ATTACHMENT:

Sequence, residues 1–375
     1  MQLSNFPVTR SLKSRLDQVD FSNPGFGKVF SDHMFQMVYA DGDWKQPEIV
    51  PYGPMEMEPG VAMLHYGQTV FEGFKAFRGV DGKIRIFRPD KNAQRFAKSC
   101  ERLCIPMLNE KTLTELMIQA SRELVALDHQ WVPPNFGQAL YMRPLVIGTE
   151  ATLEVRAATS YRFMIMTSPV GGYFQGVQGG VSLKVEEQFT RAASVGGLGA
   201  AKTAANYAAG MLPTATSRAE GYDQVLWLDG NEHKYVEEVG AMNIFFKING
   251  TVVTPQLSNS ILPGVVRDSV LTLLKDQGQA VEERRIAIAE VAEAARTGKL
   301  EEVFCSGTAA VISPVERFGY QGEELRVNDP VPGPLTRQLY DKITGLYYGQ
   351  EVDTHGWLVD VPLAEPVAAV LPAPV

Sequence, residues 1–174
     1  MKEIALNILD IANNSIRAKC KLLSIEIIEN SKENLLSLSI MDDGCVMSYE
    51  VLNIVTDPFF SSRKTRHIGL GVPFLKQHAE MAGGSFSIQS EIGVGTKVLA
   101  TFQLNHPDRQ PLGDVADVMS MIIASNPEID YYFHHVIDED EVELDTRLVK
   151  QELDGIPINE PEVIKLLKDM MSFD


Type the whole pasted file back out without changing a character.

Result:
Sequence, residues 1–375
     1  MQLSNFPVTR SLKSRLDQVD FSNPGFGKVF SDHMFQMVYA DGDWKQPEIV
    51  PYGPMEMEPG VAMLHYGQTV FEGFKAFRGV DGKIRIFRPD KNAQRFAKSC
   101  ERLCIPMLNE KTLTELMIQA SRELVALDHQ WVPPNFGQAL YMRPLVIGTE
   151  ATLEVRAATS YRFMIMTSPV GGYFQGVQGG VSLKVEEQFT RAASVGGLGA
   201  AKTAANYAAG MLPTATSRAE GYDQVLWLDG NEHKYVEEVG AMNIFFKING
   251  TVVTPQLSNS ILPGVVRDSV LTLLKDQGQA VEERRIAIAE VAEAARTGKL
   301  EEVFCSGTAA VISPVERFGY QGEELRVNDP VPGPLTRQLY DKITGLYYGQ
   351  EVDTHGWLVD VPLAEPVAAV LPAPV

Sequence, residues 1–174
     1  MKEIALNILD IANNSIRAKC KLLSIEIIEN SKENLLSLSI MDDGCVMSYE
    51  VLNIVTDPFF SSRKTRHIGL GVPFLKQHAE MAGGSFSIQS EIGVGTKVLA
   101  TFQLNHPDRQ PLGDVADVMS MIIASNPEID YYFHHVIDED EVELDTRLVK
   151  QELDGIPINE PEVIKLLKDM MSFD